Christenson then proceeded to his residence, picked up his wife and children, and returned to the track. According to Christenson, he used a squad car for the trip because of mechanical problems with his van, and to assure his speedy response to any emergency calls. They arrived at the track at about 6:45 p.m., where Christenson administered medication prescribed by a veterinarian to the horses' eyes. Christenson also discovered an empty fire extinguisher buried under manure.
Christenson took the extinguisher to the station to examine for fingerprints, returning between 8 and 8:15 p.m. He checked the log for that night and noticed that there had been no emergencies. Christenson claimed that he maintained radio contact with the station while out of town, could hear transmissions, but received no calls. He stayed about an hour past the end of his shift to assure everything was all right.
On June 22, 1977, Christenson submitted answers to written questions propounded by Chief Lexow pursuant to an internal investigation of the incident. The investigation was initiated because two officers had observed Christenson and his family in a squad car heading southbound on I-57 near Route 30, while Christenson was on duty. Christenson indicated that he was on I-57 near Route 30 because he was transporting his wife and children to her car that had broken down. He was able to get her car operating and followed her home in the squad car.
On August 26, 1977, Christenson took a polygraph test in connection with the incident. During a pretest interview, he admitted the falsity of his June 22 statements. He related an accurate account of his second trip to the track substantially as recounted above. In the opinion of the examiner, the truthfulness of this account was verified by the polygraph examination. However, Christenson did not tell the examiner about his first trip to Balmoral. This gave the impression that he first became aware of the emergency while he was on duty.
Finally, Lieutenant William Busse testified that as part of the internal investigation he drove to Balmoral to determine whether radio communication was possible. Busse was unable to raise the department on his radio. Balmoral was 21 miles from the city. However, Busse had been able to receive, but could not effectively send, radio communications from Joliet, which is 23 or 24 miles from the city. Busse also stated that he had previously transmitted over 23 miles and that transmission distance depended upon the atmospheric conditions.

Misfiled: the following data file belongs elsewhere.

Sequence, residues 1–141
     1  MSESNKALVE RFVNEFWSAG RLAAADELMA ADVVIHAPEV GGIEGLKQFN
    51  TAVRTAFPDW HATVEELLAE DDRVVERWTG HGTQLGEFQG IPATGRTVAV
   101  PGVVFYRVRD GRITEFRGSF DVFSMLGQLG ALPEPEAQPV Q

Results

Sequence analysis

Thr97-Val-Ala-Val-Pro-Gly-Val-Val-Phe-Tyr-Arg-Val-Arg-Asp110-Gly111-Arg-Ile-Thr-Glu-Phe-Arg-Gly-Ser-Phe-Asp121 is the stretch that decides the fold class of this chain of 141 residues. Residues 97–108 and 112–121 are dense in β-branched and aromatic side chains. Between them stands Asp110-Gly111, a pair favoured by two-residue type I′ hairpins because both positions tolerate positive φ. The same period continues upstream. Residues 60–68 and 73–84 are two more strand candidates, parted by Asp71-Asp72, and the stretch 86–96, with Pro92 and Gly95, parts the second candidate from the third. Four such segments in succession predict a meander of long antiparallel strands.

1, 2 Under these facts, we find no just cause for discharge. In Illinois, a public employee can only be discharged for "cause." (Fox v. Civil Service Com. (1978), 66 Ill. App.3d 381, 383 N.E.2d 1201; Ill. Rev. Stat. 1977, ch. 24, par. 10-1-18.) Cause has been defined as:
"* * * [S]ome substantial shortcoming which renders the employee's continuance in office in some way detrimental to the discipline and efficiency of the service and which the law and sound public opinion recognize as good cause for his no longer holding the position." (Kreiser v. Police Board (1976), 40 Ill. App.3d 436, 441, 352 N.E.2d 389, aff'd and remanded (1977), 69 Ill.2d 27, 30, 370 N.E.2d 511.)
Generally, whether a charge is sufficient cause for discharge is for the board to determine. (Caliendo v. Goodrich (1975), 34 Ill. App.3d 1072, 340 N.E.2d 560; Joyce v. Board of Education (1945), 325 Ill. App. 543, 60 N.E.2d 431, cert. denied (1946), 327 U.S. 786, 90 L.Ed. 1013, 66 S.Ct. 702.) However, unlike agency findings of fact, determinations of cause are not prima facie true and correct and are subject to judicial review. (Caliendo v. Goodrich.) It remains the function of reviewing courts> to determine if the charges brought are so trivial as to be unreasonable or arbitrary, if the agency acted on evidence that fairly tended to sustain the charges, and if its decision is related to the requirements of the service. DeGrazio v. Civil Service Com. (1964), 31 Ill.2d 482, 202 N.E.2d 522; Parkhill v. Illinois Civil Service Com. (1978), 58 Ill. App.3d 291, 374 N.E.2d 254.
Christenson's employment history with the department also has bearing upon the issue of cause. (Kreiser v. Police Board; Fox v. Civil Service Com.) The fact that Christenson served the department for 23 years and as a captain for 9 years without previous discipline infractions militates against his discharge. Defendants' contention that Christenson's work record serves as a factor in aggravation is supported by neither law nor reason.